If you’ve travelled with German Rail, odds are that you’ve encountered the time unit known as “Deutsche-Bahn-Minute” (DBM). As a frequent traveller, you know that five DBM’s can mean basically anything from “right on time” to “the train is still stuck in Narnia”. Consequently, it should be taken with a pinch of salt when an official statement reads that changing trains will only add five minutes to the total length of your trip.
Yet, according to the Deutsche Bahn (DB), that’s exactly how it will play out once Bochum ceases to be a stop for the IC to Hamburg and passengers will have to change trains in Dortmund or Essen.
Five minutes is never just five minutes, though – especially since the railway system in the Ruhr area is overburdened and needs to be overhauled. The signal box fire in Mülheim an der Ruhr in 2015 and the subsequent chaos complete with delayed and cancelled trains has shown the need for that. If getting rid of one stop is really going to make a change remains to be seen. Until then, it’ll be an inconvenience for anyone travelling from Bochum.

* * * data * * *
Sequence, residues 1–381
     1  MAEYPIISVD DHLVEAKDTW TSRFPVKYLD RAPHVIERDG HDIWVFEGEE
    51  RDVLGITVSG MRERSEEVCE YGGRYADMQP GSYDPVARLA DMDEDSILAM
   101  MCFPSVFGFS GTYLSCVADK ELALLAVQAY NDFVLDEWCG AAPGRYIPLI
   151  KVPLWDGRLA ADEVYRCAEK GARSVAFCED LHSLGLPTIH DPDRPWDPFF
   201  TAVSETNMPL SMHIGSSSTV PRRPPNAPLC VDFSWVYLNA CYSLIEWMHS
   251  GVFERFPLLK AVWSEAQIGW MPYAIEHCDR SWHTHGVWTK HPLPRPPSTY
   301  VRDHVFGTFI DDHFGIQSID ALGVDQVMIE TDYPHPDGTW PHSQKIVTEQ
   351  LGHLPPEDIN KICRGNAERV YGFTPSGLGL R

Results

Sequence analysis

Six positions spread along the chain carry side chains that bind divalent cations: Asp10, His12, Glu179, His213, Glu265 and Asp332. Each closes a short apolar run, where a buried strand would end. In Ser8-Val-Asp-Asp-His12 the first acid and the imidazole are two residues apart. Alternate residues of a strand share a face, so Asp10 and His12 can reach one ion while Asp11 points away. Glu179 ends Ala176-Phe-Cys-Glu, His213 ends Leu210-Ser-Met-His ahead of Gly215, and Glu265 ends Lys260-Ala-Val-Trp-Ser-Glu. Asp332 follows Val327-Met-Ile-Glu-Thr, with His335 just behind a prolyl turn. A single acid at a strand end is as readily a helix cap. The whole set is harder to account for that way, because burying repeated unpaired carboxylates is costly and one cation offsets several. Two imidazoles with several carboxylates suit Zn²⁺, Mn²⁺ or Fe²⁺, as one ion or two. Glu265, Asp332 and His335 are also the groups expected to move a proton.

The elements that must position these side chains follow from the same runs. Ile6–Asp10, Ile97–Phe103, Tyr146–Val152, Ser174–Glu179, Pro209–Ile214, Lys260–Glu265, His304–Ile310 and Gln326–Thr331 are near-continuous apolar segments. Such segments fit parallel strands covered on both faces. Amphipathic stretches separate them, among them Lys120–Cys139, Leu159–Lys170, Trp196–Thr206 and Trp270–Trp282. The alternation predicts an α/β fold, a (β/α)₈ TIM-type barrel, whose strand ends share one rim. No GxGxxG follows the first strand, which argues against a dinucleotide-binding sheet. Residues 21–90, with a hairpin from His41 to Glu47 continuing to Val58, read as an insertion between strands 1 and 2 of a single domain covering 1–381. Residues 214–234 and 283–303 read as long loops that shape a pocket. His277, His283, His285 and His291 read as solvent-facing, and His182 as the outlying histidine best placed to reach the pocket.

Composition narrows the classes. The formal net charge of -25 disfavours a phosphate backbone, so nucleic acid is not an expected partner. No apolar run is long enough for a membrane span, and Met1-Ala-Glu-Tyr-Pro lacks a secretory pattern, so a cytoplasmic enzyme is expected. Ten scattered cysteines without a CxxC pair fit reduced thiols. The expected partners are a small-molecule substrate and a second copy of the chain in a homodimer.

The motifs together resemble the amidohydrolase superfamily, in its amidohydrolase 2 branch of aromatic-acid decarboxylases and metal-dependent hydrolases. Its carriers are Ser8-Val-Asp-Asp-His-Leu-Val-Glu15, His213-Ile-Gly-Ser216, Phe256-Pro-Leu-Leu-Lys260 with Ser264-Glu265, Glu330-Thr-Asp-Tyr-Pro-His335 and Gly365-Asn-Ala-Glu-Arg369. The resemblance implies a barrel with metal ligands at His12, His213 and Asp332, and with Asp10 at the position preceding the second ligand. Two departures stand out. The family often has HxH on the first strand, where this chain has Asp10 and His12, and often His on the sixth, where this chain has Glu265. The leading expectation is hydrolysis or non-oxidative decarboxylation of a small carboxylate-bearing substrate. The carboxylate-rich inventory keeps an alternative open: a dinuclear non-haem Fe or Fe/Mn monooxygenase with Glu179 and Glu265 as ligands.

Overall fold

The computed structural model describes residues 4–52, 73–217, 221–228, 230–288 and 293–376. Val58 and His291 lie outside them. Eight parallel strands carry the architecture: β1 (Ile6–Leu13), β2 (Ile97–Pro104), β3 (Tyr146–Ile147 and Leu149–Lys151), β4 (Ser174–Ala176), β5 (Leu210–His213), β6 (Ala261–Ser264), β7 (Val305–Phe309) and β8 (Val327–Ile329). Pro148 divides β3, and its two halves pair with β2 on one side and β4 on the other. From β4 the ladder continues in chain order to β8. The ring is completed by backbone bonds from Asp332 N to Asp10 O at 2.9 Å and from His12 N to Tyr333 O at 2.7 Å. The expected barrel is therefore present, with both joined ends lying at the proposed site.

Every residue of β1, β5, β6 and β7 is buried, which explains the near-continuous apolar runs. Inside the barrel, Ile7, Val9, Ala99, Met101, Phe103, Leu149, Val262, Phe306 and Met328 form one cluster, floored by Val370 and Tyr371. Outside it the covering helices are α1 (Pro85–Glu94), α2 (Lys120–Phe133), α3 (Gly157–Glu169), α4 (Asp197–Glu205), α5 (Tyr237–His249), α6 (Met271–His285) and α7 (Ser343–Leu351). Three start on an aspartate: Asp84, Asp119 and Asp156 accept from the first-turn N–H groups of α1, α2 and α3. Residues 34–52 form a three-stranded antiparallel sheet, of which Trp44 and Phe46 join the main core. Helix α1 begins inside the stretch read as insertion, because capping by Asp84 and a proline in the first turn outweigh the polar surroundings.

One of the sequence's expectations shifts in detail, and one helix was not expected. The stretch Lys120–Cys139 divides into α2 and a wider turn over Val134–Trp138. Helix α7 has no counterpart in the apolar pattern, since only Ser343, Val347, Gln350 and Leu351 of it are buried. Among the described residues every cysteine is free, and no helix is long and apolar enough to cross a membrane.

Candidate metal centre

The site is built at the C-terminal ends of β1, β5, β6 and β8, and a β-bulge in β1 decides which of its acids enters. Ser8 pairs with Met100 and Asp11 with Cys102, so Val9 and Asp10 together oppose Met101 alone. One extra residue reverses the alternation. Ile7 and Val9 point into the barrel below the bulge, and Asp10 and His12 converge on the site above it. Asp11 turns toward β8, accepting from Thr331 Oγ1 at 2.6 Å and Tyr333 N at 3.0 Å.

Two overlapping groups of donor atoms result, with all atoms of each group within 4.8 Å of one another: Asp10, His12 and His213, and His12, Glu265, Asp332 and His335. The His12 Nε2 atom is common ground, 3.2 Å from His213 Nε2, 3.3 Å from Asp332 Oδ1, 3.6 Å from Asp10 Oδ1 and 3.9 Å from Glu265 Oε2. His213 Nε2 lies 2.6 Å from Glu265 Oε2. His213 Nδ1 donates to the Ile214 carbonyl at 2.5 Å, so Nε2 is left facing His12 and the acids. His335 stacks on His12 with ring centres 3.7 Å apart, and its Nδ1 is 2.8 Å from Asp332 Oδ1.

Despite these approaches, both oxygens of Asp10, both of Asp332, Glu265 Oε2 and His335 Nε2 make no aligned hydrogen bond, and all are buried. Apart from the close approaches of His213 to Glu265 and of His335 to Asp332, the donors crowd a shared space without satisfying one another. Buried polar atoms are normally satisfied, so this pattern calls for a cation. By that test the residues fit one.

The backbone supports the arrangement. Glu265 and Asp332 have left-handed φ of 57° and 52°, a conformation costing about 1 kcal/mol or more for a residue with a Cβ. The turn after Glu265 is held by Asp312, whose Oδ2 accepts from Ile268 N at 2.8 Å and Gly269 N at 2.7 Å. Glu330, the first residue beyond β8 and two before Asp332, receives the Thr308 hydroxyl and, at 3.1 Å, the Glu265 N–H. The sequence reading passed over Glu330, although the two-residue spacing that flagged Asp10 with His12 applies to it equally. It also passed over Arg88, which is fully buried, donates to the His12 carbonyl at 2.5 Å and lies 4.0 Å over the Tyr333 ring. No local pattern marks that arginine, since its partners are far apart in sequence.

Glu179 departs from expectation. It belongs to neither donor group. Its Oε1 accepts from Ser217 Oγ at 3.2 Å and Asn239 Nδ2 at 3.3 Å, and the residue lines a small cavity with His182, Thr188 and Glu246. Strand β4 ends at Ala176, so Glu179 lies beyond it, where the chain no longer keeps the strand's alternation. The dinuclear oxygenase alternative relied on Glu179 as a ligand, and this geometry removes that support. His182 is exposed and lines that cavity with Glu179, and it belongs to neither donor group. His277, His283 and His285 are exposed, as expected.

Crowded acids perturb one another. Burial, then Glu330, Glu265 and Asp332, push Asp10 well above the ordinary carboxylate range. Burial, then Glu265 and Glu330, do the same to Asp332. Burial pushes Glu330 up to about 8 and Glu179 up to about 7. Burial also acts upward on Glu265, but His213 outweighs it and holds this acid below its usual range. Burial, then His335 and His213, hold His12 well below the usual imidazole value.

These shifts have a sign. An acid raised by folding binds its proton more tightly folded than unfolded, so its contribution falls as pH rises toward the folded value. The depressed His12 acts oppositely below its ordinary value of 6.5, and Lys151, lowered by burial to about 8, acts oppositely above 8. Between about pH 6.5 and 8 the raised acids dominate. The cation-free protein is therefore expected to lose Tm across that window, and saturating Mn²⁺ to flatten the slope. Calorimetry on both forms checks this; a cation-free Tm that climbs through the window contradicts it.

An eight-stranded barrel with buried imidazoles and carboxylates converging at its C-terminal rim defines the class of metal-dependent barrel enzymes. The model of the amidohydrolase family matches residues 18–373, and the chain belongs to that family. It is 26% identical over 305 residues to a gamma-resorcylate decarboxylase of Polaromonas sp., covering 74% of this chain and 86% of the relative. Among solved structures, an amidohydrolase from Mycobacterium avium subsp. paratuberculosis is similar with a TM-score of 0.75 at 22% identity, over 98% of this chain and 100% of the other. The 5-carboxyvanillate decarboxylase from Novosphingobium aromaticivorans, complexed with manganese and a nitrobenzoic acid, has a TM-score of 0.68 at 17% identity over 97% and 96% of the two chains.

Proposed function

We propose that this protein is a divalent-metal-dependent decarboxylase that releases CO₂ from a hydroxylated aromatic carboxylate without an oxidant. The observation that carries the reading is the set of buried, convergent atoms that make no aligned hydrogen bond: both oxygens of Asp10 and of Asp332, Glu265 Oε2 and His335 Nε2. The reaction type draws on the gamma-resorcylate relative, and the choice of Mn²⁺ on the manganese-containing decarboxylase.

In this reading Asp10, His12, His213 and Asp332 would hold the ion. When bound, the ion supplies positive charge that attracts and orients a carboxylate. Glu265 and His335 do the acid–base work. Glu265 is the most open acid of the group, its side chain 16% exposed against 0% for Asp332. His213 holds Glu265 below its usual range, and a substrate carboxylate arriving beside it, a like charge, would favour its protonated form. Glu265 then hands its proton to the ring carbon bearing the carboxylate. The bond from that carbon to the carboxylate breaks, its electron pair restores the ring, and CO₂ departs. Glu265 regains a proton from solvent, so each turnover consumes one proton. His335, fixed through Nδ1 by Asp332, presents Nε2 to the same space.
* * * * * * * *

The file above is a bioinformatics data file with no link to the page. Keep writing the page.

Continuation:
How your journey could be
“Just five minutes longer”, you think, “that’s not so bad”. Except your connecting train leaves at a weird time so you’ll have to take an earlier regional train from Bochum to Dortmund. “It’s just 10 more minutes”, you think. So you board your train– well, you try to. There’s a small delay. “Just five minutes”, you think. Except it’s actually ten minutes later when your train arrives. What exactly are technical difficulties, anyway?
By the time you get to Dortmund (on the wrong platform), you’re running late. And it turns out that your connecting train is leaving from yet another platform – you’ll have to shoulder your suitcase and run! Panting, you board the train at the last second. You did it! And it only took you about 15 minutes longer than you expected – and a lot of running, cursing, stressing and praying. You’ve won the Game of DBM’s. Others were not so lucky. You may now consider yourself a Master Traveller.